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Sevastopouous v. Wells Fargo Bank, N.A.

United States District Court, D. Utah, Central Division

March 30, 2018

KATHLEEN SEVASTOPOUOUS, Petitioner,
v.
WELLS FARGO BANK, N.A., Respondent.

          MEMORANDUM DECISION AND ORDER GRANTING [5] WELLS FARGO BANK, N.A.'S MOTION TO DISMISS

          DAVID NUFFER, UNITED STATES DISTRICT JUDGE.

         Respondent Wells Fargo Bank (“Wells Fargo”) filed the Motion to Dismiss (“Motion”)[1]seeking (under Fed R. Civ. P. (12)(b)(6)) to dismiss Petitioner Kathleen Sevastopoulous's (“Petitioner”) Petition for Relief for Wrongful Lien Under Utah Code Ann. § 38- 9-205; Request for Hearing under Utah Code Ann. § 38-9-205(3)(b) (the “Petition”).[2] Wells Fargo argues that the encumbrance it has on property now owned by Petitioner cannot be a wrongful lien because Petitioner fails to allege that Wells Fargo recorded a lien without the authorization of the owner of the property at the time.[3] Petitioner opposed the Motion.[4] Wells Fargo replied in support.[5]

         After reviewing the parties' filings and relevant authority, Wells Fargo's Motion is GRANTED for the reasons set forth below.

         BACKGROUND FACTS[6]

         1. In 1973, Petitioner executed a trust agreement naming Marion Burrows Smith (“Ms. Smith”) as Trustee of the Kathleen Smith Trust (the “Trust”).[7]

         2. The Trust purchased the property located at 1425 Tomahawk Drive, Salt Lake City, UT 84103 (the “Property”) in 1984.[8]

         3. Under the language of the Trust, the Trust was to Terminate on the 40th birthday of the Petitioner, or on November 11, 1992.[9]

         4. On February 25, 2003, the Trust conveyed the Property to Ms. Smith.[10]

         5. On February 26, 2003, Ms. Smith obtained a line of credit from Wells Fargo pursuant to which Ms. Smith borrowed funds from Wells Fargo (the “2003 Loan”), secured by the Property (the “2003 Loan Transaction”)[11]

         6. Pursuant to the 2003 Loan Transaction, Ms. Smith signed a Deed of Trust (the “2003 Deed of Trust”) which was recorded on March 7, 2003.[12]

         7. At the time Wells Fargo recorded the 2003 Deed of Trust, the Property was owned by Ms. Smith.[13]

         8. On March 3, 2003, Ms. Smith conveyed the Property back to the Trust.[14]

         9. In March 2013, the Trust into a second line of credit transaction with Wells Fargo (the “2013 Loan Transaction”).[15]

         10. Pursuant to the terms of the 2013 Loan Transaction, on March 9, 2013, the Trust entered into a Short Form Open-End Deed of Trust (the “2013 Deed of Trust”).[16]

         11. The 2013 Deed of Trust was recorded on May 31, 2013.[17]

         12. At the time Wells Fargo recorded the 2013 Deed of Trust, the Property was owned by the Trust.[18]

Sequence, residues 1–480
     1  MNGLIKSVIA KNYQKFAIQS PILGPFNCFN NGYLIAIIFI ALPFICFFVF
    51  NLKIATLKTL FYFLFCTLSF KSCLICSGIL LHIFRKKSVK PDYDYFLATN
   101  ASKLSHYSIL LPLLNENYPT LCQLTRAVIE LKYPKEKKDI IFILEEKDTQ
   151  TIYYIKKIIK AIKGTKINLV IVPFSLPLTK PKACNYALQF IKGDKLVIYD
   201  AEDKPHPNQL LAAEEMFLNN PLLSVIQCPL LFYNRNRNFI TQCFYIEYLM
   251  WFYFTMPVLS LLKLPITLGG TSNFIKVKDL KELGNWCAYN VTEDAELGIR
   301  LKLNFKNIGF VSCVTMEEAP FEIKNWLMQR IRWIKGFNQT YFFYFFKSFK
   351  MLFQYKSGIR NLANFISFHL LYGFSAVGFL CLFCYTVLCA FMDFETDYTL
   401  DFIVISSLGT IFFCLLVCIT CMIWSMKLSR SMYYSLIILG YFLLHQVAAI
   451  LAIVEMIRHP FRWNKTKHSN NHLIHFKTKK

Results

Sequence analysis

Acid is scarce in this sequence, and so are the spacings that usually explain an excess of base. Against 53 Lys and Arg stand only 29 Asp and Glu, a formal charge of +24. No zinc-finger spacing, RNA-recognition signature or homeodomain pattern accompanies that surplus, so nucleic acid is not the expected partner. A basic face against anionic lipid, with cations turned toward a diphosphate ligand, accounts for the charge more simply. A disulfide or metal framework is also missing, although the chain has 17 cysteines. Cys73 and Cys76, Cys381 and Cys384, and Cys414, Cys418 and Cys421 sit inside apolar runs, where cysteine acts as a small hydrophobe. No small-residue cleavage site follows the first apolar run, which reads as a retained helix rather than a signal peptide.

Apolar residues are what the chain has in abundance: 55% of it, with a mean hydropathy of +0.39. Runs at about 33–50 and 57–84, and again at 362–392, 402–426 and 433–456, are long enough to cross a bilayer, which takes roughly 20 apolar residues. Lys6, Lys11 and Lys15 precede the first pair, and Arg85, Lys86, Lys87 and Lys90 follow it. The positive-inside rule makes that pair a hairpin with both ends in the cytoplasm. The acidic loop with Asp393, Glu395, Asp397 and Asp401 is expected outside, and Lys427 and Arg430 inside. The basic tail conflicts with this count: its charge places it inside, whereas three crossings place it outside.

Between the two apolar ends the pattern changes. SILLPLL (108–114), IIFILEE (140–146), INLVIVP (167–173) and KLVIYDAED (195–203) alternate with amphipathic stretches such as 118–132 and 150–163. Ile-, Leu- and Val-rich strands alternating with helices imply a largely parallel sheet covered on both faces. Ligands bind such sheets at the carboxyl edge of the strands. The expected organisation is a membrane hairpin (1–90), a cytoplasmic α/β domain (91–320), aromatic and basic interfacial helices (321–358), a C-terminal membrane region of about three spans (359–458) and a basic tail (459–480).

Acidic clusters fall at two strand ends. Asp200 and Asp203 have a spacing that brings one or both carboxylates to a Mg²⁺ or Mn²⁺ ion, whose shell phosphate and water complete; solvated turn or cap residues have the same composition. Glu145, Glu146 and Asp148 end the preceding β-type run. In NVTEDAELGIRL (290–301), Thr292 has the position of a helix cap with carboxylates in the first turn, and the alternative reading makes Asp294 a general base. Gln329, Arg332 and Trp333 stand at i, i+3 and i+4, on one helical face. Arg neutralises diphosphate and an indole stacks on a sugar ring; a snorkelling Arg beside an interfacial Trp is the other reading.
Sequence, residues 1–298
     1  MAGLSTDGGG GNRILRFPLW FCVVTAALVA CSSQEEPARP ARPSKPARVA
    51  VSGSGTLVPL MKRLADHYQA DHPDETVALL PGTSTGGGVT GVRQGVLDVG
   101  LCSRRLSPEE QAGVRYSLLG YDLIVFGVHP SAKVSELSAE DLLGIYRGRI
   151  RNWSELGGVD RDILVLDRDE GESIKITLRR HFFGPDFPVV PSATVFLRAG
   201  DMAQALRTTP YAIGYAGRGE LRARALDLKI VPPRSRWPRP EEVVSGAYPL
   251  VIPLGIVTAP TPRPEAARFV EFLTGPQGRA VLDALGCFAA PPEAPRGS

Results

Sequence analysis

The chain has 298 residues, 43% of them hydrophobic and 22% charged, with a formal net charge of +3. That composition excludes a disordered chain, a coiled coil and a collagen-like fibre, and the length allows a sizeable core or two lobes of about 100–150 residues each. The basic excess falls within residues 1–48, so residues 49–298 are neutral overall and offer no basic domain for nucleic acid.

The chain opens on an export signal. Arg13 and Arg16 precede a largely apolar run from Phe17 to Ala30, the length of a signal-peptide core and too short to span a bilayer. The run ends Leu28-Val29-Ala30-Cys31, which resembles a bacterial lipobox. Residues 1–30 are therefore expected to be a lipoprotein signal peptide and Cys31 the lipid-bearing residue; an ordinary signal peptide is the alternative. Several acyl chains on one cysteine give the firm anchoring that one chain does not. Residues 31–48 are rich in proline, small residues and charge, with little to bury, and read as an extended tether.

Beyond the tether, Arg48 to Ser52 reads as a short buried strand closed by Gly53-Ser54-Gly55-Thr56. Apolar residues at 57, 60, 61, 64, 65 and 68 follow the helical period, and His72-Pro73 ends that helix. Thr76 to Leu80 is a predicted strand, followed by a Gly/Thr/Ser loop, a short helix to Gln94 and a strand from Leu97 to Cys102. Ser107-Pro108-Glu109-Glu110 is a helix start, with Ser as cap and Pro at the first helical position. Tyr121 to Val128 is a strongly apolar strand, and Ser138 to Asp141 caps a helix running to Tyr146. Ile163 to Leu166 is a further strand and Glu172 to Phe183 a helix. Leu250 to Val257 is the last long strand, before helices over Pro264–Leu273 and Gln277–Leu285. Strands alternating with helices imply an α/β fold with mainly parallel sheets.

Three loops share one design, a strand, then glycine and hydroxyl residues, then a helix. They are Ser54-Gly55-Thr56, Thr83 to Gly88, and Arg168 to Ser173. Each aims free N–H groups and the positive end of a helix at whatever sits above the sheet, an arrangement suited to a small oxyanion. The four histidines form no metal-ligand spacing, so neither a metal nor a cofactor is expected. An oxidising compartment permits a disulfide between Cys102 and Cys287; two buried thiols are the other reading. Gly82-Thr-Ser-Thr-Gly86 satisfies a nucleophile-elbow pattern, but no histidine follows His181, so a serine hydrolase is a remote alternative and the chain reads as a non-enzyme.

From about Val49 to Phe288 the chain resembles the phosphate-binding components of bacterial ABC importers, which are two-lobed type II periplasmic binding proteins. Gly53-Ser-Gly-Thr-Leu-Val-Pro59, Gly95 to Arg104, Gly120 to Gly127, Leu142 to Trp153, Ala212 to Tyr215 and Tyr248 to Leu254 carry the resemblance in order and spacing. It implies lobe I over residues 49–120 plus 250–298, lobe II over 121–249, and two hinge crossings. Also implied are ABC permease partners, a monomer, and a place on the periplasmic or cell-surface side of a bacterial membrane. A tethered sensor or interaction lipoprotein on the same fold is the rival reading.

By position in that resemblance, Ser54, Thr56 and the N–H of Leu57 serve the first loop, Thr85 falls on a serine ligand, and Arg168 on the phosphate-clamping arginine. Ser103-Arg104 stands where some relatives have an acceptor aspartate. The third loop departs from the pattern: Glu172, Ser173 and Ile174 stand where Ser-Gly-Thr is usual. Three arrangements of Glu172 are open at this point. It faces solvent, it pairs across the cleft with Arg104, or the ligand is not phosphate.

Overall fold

13. On June 3, 2013, Wells Fargo signed a Deed of Reconveyance conveying to Ms. Smith “the estate, title, and interest” held under the 2003 Deed of Trust.[19]

         14. On September 1, 2016, the Trust conveyed the Property to Petitioner.[20]

         PROCEDURAL BACKGROUND

         Petitioner originally filed this action in the Third Judicial District of the State of Utah.[21]As the caption of the Petition states, Petitioner sought relief for a wrongful lien under Utah Code Ann. § 38-9-205.[22] Under that statue, “a record interest holder of real property against which a wrongful lien is recorded may petition the district court in the county in which the document is recorded for summary relief to nullify the wrongful lien.”[23] The district court then reviews the petition for sufficiency.[24] If the district court finds the petition sufficient, the district court schedules a hearing and the petitioner is then required to serve a copy of the petition on the respondent and the notice of the hearing.[25]

         That process was not followed here. After the Petition was filed in state court, a summons was issued to Wells Fargo, [26] apparently without the review of sufficiency and issuance of the notice of hearing as required under Utah Code Ann. § 38-9-205. Wells Fargo then removed the petition from state court to the federal court based on diversity jurisdiction[27] and filed the Motion.

         To date, this action has proceeded as a typical civil action under the rules, notwithstanding the procedure specified in Utah statute. Therefore, it is appropriate to consider the Motion as one properly filed under Fed. R. Civ. 12.

         DISCUSSION

         Motion to ...


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